You know an asset class looks inexpensive when non-traditional investors, namely the biggest U.S. value investors, start buying in. Such is the case with the battered U.S. municipal bond market.
In the last week Pimco chief Bill Gross, Loomis Sayles' vice chairman Dan Fuss, and billionaire Wilbur Ross, have been purchasing "munis" after a number of hedge funds and other players that use leverage have been forced to sell billions of dollars of bonds.
Munis, which experienced one of their worst monthly declines in February, have been beaten down to price levels that have produced juicy yields too hard to pass up even for investors not usually seen in the long-term tax-exempt bond market.
In fact, "AAA" rated 10-year municipal debt is yielding 6.0 percent more than 10-year U.S. Treasuries. At the start of the week, they were yielding 17 percent more than 10-year benchmark U.S. Treasury notes, and just Wednesday they were yielding about 10 percent more than 10-year Treasury notes.
Even more eye-popping: in the last 27 years or so, the average 10-year municipal debt paid out interest that was 20 percent less than the 10-year Treasury note.
There's an added sweetener for investors. The chief attraction to munis, of course, is that their interest is exempt from federal income taxes; if they're issued in the investor's home state, they're usually exempt from state and local income levies, too.
Small wonder, then, that buyers of all types abound.
"You have a yield disparity of huge proportions," said Dan Fuss, vice chairman of the investment company Loomis Sayles, which manages $100 billion of fixed-income assets. He co-manages the $17 billion Loomis Sayles Bond, a top-ranked taxable bond fund.
"I'm not sure how you can't call these bonds very good deals," added Andrew Feltus, portfolio manager at the Pioneer High Yield Fund and who oversees $11 billion in junk bonds at Pioneer. "These are rock-solid credits," Feltus said.
With the muni market's recent sell-off, owing to liquidity issues that are seen as temporary, the yields have become as attractive as corporate or junk bonds.
"Municipal bonds are trading at terms as attractive as what an investor can get in taxable credits," said Feltus.
Fuss of Loomis said he was able to purchase bonds backed by toll-road revenues at around 95 cents on the dollar. "You don't get much of this stuff because they hardly go on sale," Fuss said. "So when they do, you buy!"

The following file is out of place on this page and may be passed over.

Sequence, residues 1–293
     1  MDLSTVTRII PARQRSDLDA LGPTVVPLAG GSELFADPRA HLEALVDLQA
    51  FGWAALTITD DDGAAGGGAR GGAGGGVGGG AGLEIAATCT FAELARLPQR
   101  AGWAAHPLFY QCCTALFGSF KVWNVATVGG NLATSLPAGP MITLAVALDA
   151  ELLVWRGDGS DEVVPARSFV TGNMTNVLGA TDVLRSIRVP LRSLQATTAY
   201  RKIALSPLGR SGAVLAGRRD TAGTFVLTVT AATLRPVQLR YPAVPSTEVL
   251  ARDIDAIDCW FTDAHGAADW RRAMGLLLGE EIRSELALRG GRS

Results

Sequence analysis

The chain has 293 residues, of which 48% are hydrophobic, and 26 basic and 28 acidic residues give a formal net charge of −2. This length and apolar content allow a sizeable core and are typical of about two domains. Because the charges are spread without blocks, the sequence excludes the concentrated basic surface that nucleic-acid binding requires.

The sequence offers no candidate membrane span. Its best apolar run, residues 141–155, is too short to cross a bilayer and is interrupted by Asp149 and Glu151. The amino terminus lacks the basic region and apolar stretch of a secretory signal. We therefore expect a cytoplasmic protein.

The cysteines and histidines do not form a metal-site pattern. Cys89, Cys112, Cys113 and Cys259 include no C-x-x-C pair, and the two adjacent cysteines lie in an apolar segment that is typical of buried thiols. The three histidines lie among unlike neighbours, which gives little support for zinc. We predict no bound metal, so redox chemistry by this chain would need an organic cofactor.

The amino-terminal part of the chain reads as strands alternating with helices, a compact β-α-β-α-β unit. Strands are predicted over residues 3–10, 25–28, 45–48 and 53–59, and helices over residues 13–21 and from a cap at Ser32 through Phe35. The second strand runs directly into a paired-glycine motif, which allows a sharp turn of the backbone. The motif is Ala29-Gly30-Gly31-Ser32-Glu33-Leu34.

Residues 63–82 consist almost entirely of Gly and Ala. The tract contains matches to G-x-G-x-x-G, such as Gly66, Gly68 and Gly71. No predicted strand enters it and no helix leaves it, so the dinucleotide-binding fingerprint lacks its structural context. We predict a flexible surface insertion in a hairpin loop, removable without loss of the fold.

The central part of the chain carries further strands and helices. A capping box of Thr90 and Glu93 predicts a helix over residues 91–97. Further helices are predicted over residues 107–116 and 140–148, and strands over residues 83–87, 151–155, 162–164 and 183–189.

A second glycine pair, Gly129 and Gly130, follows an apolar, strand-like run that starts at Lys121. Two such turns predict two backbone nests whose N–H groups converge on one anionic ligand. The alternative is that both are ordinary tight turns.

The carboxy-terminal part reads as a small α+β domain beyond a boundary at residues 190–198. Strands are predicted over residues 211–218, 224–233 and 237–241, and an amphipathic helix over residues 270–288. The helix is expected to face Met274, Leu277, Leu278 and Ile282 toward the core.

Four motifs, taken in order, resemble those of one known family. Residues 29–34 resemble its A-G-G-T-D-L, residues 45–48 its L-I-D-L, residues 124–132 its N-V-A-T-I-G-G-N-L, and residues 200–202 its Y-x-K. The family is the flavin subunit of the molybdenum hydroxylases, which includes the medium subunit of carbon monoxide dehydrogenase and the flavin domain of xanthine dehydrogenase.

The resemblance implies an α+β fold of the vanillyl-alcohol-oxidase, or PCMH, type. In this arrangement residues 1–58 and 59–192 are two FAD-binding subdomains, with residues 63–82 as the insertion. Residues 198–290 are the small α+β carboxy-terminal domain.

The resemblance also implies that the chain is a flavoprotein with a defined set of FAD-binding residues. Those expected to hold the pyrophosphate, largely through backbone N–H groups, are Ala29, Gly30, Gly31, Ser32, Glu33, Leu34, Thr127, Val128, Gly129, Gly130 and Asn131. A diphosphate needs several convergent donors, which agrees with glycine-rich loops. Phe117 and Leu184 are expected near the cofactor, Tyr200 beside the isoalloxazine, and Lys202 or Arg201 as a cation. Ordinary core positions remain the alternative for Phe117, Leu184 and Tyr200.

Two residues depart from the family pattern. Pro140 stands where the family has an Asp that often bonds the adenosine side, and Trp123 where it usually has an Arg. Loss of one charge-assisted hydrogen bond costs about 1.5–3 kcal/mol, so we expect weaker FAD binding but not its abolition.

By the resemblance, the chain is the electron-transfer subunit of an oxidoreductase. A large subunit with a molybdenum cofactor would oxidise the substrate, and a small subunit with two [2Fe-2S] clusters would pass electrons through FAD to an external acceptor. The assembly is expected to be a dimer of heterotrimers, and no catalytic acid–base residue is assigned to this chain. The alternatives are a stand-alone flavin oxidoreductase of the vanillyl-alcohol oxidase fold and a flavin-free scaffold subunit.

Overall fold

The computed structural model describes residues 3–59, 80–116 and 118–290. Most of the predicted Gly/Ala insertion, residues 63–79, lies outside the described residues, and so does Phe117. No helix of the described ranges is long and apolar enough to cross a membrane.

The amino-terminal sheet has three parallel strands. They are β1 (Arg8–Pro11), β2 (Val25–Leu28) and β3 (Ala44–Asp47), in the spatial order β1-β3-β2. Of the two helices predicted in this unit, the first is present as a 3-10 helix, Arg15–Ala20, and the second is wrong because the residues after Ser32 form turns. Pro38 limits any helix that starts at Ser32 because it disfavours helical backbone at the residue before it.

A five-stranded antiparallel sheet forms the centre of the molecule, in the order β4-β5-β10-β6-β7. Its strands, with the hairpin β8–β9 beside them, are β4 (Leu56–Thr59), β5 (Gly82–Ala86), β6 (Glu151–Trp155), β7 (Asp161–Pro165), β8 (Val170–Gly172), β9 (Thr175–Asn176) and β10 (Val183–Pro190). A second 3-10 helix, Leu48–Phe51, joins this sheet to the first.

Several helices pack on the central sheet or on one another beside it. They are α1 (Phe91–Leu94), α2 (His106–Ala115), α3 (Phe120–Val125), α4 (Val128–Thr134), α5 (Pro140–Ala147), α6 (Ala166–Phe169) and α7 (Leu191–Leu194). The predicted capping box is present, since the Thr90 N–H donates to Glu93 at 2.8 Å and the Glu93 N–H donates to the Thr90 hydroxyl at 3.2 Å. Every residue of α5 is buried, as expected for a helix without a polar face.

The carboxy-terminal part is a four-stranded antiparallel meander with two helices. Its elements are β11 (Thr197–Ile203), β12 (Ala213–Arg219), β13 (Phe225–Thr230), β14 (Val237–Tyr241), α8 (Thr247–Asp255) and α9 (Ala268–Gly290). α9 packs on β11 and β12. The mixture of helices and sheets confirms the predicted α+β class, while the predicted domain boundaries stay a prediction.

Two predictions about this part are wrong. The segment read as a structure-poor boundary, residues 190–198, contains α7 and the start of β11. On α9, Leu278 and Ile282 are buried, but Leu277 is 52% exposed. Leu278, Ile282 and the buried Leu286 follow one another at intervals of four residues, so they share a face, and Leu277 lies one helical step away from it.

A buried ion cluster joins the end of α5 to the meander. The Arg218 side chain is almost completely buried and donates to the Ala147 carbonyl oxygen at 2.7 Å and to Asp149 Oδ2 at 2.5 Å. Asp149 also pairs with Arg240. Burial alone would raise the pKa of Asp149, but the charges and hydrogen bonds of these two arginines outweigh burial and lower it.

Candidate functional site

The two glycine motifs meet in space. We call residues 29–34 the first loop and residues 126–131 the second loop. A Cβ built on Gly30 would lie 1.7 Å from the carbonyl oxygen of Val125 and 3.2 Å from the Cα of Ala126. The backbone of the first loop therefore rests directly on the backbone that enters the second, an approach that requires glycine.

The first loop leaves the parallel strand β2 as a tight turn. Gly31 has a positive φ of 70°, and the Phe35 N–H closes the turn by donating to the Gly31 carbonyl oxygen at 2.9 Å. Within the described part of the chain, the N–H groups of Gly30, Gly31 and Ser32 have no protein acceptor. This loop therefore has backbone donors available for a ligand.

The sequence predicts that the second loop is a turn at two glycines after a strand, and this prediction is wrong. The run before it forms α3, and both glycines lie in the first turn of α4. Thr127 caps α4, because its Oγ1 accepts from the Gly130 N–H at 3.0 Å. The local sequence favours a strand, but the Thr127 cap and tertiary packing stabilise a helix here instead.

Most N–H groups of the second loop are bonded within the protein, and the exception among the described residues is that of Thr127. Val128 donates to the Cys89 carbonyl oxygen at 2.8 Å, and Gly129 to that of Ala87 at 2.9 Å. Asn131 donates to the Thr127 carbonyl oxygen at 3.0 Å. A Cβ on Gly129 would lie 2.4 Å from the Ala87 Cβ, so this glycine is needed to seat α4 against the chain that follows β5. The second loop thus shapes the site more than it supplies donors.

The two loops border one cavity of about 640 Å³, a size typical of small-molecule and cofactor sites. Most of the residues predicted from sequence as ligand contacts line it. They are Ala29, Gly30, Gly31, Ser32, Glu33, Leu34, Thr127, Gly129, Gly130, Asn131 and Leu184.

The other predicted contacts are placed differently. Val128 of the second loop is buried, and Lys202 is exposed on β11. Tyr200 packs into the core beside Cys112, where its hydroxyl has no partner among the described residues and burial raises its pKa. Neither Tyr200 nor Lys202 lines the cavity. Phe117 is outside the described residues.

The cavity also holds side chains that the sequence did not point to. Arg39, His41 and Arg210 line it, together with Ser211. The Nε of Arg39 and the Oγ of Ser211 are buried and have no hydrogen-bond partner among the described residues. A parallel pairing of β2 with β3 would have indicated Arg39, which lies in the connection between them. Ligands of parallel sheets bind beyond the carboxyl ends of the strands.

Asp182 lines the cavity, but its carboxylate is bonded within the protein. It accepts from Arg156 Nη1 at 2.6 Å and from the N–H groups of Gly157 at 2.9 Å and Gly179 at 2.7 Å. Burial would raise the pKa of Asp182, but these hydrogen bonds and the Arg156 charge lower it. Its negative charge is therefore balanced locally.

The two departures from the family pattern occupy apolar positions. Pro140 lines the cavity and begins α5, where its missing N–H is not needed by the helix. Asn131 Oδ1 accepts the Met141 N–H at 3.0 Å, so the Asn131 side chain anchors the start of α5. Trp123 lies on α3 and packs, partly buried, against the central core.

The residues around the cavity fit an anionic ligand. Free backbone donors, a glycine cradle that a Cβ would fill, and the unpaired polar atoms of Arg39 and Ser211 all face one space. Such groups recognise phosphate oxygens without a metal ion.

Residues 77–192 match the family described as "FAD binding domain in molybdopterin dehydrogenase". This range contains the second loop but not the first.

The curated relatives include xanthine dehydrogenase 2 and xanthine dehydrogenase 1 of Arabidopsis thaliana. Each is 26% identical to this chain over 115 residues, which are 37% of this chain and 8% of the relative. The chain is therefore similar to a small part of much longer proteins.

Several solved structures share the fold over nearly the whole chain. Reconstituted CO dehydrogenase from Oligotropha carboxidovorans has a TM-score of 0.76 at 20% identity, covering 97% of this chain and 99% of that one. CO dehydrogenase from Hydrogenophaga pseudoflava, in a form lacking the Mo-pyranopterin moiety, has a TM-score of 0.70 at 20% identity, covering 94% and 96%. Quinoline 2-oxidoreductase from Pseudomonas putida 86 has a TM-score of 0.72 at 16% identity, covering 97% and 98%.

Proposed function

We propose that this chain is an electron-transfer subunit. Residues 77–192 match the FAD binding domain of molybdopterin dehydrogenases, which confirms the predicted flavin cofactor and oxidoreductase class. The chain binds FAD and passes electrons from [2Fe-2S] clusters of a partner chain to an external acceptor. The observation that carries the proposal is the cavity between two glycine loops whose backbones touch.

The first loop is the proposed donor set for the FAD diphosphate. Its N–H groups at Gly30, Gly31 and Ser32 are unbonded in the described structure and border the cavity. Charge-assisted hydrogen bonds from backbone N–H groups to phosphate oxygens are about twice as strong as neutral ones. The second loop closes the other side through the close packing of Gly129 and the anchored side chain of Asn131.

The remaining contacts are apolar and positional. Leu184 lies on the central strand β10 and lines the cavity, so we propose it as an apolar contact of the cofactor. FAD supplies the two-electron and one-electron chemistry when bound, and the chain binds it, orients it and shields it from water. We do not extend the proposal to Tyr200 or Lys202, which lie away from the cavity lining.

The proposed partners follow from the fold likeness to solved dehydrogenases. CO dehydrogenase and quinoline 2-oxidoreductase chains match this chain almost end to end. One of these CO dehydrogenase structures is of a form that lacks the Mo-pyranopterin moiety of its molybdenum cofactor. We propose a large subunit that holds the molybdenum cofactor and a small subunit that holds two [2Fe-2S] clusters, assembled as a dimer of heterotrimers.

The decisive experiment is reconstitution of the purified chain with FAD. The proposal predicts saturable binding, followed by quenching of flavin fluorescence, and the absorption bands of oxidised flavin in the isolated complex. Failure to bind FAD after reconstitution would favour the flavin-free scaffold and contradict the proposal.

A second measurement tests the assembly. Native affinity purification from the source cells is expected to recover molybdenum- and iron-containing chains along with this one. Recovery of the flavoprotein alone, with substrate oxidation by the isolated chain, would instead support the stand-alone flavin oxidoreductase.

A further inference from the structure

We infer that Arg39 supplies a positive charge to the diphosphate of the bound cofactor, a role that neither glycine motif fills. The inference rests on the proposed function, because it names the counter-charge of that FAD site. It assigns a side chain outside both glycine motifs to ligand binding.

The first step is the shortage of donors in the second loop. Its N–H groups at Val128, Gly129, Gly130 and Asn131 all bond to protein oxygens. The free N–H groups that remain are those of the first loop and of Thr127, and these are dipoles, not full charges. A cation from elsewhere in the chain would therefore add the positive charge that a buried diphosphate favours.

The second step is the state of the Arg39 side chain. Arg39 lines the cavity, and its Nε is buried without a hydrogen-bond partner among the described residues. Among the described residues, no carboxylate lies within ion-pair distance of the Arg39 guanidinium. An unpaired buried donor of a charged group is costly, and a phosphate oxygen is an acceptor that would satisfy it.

Fuss, who has been purchasing munis at the start of the week, said he purchased more securities Thursday.
Bill Gross, who manages the $120 billion Pimco Total Return Fund, told Reuters that he had bought $1.5 billion of munis on Friday. He said Pimco was able to purchase them at "very attractive" prices, but declined to provide average levels and rates at which he received.
Thursday, Ross said he bought $1 billion of munis last Friday, too, because yields had risen to "relatively unparalleled" highs compared with taxable Treasuries.
The municipal bond market has been shaken by the global credit squeeze after an avalanche of selling took place by leveraged hedge funds attempting to meet margin calls.
Concurrently, some muni borrowers have seen interest rates soar because they sold so-called auction-rate securities with rates that regularly reset. Hundreds of auctions in the $330 billion market have "failed" since late January as buyers balked, forcing municipal borrowers to pay sharply higher rates.
These series of events helped send the Merrill Lynch Municipal Master Index into negative territory. In February alone, the index was down 4.89 percent, its worst monthly recording since the index's launch in December 1988. The previous record was negative 4.59 percent in July 2003.
"A lot of hedge funds were getting margin calls because of the dislocation in the muni market," Ross told Reuters by telephone, adding that his purchases included California munis that offered yields of around 5.50 percent.
Traditional muni analysts are hardly surprised by the crossover interest.
"When taxable guys start coming into your market, it's pretty attractive," said Tom Metzold, manager of the Eaton Vance National Municipals Fund and who oversees more than $8 billion in munis at Eaton. "The muni market is the most compelling value it's ever been."